Living Our Values. (n.d.). Retrieved June 2, 2018, from https://livingourvalues.starbucks.com/living-our-values

Middlebrook, S. (2014). Defining basic business ethics concepts. Retrieved from toughnickel.com

Morris, D. (2018). Starbucks CEO apologizes for “Reprehensible” arrest of black men at Philadelphia Store. Retrieved from fortune.com

Staley, O. (2016, April 16). Starbucks spent years burnishing its progressive credentials. One employee may undermine it all. Retrieved July 1, 2018, from https://work.qz.com/1253403/starbucks-philadelphia-arrests-a-coffee-giants-progressive-image-may-be-undermined-by-one-employee/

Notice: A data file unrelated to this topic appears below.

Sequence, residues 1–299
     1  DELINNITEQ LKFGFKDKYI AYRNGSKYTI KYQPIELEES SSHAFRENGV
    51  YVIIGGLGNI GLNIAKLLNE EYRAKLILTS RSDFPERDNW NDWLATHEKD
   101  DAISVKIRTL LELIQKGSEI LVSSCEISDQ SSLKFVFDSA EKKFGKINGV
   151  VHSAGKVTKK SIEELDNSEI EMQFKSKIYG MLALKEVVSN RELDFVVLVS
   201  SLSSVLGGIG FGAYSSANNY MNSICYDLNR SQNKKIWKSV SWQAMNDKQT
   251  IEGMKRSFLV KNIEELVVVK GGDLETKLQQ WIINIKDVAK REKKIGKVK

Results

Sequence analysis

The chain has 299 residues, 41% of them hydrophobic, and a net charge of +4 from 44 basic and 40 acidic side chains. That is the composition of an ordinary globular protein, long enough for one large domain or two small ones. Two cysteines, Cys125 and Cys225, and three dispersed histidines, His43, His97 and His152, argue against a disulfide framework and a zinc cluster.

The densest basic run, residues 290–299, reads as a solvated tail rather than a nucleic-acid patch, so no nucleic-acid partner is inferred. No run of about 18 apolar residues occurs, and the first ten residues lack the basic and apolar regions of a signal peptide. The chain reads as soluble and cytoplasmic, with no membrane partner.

Starbucks. (2018). Business Ethics and Compliance. Retrieved from starbucks.com

Westside Toastmasters. (2017). Ethical Concepts and Principles. Retrieved from westsidetoastmasters.com

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Daniel Fortune

Daniel Fortune is a successful business professional, entrepreneur, father, and lover of travel.